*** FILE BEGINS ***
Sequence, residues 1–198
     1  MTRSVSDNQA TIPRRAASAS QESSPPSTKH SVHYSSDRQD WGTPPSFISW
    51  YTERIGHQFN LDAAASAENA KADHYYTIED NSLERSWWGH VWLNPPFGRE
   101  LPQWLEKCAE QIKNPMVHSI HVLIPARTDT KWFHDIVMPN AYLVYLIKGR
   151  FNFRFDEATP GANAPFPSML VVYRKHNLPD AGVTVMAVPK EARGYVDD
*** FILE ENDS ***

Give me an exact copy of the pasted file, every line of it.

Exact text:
Sequence, residues 1–198
     1  MTRSVSDNQA TIPRRAASAS QESSPPSTKH SVHYSSDRQD WGTPPSFISW
    51  YTERIGHQFN LDAAASAENA KADHYYTIED NSLERSWWGH VWLNPPFGRE
   101  LPQWLEKCAE QIKNPMVHSI HVLIPARTDT KWFHDIVMPN AYLVYLIKGR
   151  FNFRFDEATP GANAPFPSML VVYRKHNLPD AGVTVMAVPK EARGYVDD